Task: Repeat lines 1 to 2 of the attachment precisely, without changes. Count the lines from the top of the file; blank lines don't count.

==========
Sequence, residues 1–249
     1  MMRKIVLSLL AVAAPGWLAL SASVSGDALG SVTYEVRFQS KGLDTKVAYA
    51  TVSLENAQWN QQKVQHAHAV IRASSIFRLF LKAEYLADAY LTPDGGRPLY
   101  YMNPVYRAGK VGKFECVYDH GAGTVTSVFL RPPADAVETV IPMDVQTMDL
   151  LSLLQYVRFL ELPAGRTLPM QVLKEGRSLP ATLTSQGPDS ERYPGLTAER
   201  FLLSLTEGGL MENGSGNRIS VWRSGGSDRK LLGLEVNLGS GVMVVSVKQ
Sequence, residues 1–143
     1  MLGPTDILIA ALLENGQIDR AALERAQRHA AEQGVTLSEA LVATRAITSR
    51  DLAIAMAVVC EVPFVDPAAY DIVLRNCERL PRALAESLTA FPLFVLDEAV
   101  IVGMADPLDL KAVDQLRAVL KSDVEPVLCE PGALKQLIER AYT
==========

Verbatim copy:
Sequence, residues 1–249
     1  MMRKIVLSLL AVAAPGWLAL SASVSGDALG SVTYEVRFQS KGLDTKVAYA